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Discussion Starter · #1 · (Edited)

I'm about to buy a AUSTRIAN-made Cape-gun in 16 gauge X 9.3x72R rifle with hammers, with an extra pair of 16 gauge barrels in a "luggage case".
(YES, it is NITRO-PROOFED & was "factory rebuilt"/re-proofed in OCT 1943 in Berlin, Germany.)

Do any of you have a suitable "NEAR-MAXIMUM" load for that old-school caliber that is fully-suitable for BIG game, that use JSP/GCCB, BOXER primers & COMMON in the USA powders?? - For example TRAIL BOSS, Reloder 15 or IMR 4895?? = In Europe, the old-school 9.3x72R is considered to be SUITABLE for hunting MOOSE, RED DEER, REINDEER, etc out to 200M.
(Like so many old-school calibers, 8x57mm Mauser for one such, the USA's handloading manuals is obviously "down-loaded" to Black Power ballistics = about 1450FPS.)

NOTE: The European handloading manuals, which have velocities over 2000FPS, ONLY list "NOT available in the USA" powders & Berdan primers.

yours, sw

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2,546 Posts
The 9th editor of the Hornady manual has loads for the 9.3 x 74R. Sure you have the right case length? Hornady shows 2300 f/s with the 286 gr loads, A couple of loads at 2300 f/s with 300 gr. Just noticed I have the same velocities for both loads, not right and data book now back downstairs. Maybe 2200 with 300 gr.

If there's a shorter round, I'm guessing it was black powder and they lengthened the case to keep someone from dropping a smokeless load into a weaker gun. The oldest load manual I've got skips that bore entirely (but has loads for .451 & 401 Winchester).

· Administrator
7,286 Posts
Discussion Starter · #3 · (Edited)
William R. Moore,

YES, the 9.3x72R is a MUCH LESS powerful round than the 9.3x74mm round, which has a good reputation in Africa on Cape Buffalo, rhino, hippo, lion & even elephant.
(The 9.3x74mm is considered to be about the same power as the .375 H&H.)

The 9.3x72R is currently factory loaded by S&B to about the ballistic equivalent of the .35 Remington at about 2000FPS,with 200 grain JSP. - I'm told that the 9.3x72R "won its spurs" as an adequate woods caliber in Europe for RED DEER & WILD BOAR but that it was POORLY regarded in Africa as unsuitable for "dangerous game" .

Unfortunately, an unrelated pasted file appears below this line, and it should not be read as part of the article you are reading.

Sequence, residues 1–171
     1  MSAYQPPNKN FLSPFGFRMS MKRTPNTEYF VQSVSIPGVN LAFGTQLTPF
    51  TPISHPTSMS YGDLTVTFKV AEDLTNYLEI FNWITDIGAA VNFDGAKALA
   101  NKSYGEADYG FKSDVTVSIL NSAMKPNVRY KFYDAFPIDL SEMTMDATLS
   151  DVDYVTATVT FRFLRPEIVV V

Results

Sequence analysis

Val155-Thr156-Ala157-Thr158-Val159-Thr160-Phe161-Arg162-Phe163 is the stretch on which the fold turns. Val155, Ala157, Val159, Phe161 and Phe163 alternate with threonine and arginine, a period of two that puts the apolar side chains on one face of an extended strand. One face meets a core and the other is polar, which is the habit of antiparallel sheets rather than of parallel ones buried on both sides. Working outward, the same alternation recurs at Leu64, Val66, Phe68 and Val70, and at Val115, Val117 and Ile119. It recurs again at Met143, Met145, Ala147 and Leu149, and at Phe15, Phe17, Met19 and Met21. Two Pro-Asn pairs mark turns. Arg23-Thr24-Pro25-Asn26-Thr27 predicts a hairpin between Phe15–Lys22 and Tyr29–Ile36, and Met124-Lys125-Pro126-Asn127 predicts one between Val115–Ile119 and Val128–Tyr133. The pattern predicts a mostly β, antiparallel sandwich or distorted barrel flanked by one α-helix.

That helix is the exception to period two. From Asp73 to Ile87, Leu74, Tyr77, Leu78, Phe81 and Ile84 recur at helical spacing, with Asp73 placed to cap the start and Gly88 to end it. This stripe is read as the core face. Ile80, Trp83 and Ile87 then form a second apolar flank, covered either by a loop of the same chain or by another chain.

(I'm looking for a similar handload using a 200-220 grain GCCB.)

Btw, the 9.3x72 was ONCE factory-loaded with a 250 grain GCLFP at about 1700 FPS, to be the "twin" of .35 WCF.
Note: The 9.3x62mmMauser is BETWEEN the 9.3x72 & the 9.3x74 in power.


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10,462 Posts
FYI 9.3 x 74R

My old Speer manual show 53.0 grains of IMR 4898 for a 270 grain .368 dia Speer spritzer. Lists some other American powders for the same bullet. I'll post it if interested.

I found this info from a guy who loaded for a drilling:

I have some info from when I was looking at drillings. This is not first hand I just saved it. Be careful. The 9.3 is a low ppressure round about as powerfull as a 35 Rem. The 9.3x74 is much more powerfull. If interested PM me a email and I'll send more. I know they aren't for your cast bullet but might be helpful. I don't think you can go wrong with 3031.

These are from "The Accurate Rifle" magazine, issue vol6 #9, Oct. 2003.

Powder Charge Bullet Velocity Group Size
IMR 3031 41.0gr RWS 200gr N/A 1"
N-201 44.5gr RWS 200gr N/A 1"
N-201 45.5gr RWS 200gr N/A 1 3/16"
IMR 3031 32.0gr Speer 250 1964 1 ¼"
IMR 3031 30.0gr Cast 251 F.N. N/A 2 ¾"
IMR 3031 39.0gr RWS 200 2227 3 1/8"
H-4895 39.0gr RWS 200 2165 2 5/8"
IMR 4064 40.0 RWS 200 2227 3 1/8"
IMR 3031 35.0gr Norma 232 1839 2 ¾"
IMR 3031 38.0gr Speer 250 2073 2 7/8"
H-4895 38.0gr Speer 250 2047 2 5/8"
IMR 4064 40.0gr Speer 250 2094 2"
IMR 3031 34.0gr Speer 270 1873 3"
H-4895 35.0gr Speer 270 1746 2 1/8"
IMR 4064 37.0gr Speer 270 1861 2"
IMR 3031 29.0gr Norma 286 1525 2 3/8"
H-4895 33.0gr Norma 286 1742 3 3/8"
IMR 4064 34.0gr Norma 286 1704 2 3/8"
IMR 3031 36.0gr RWS 200 2010 1 ½"
H-4895 34.0gr RWS 200 1976 1 ¼"

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807 Posts
Just a couple of notes... Don't worry about the Nitro Proof thing, unless there's something obviously wrong with the gun, most doubles or triples are just fine.

Also, many of the cape guns were built with the shotgun barrels regulated for slugs. So check a slug load on paper, you may be pleasantly surprised.
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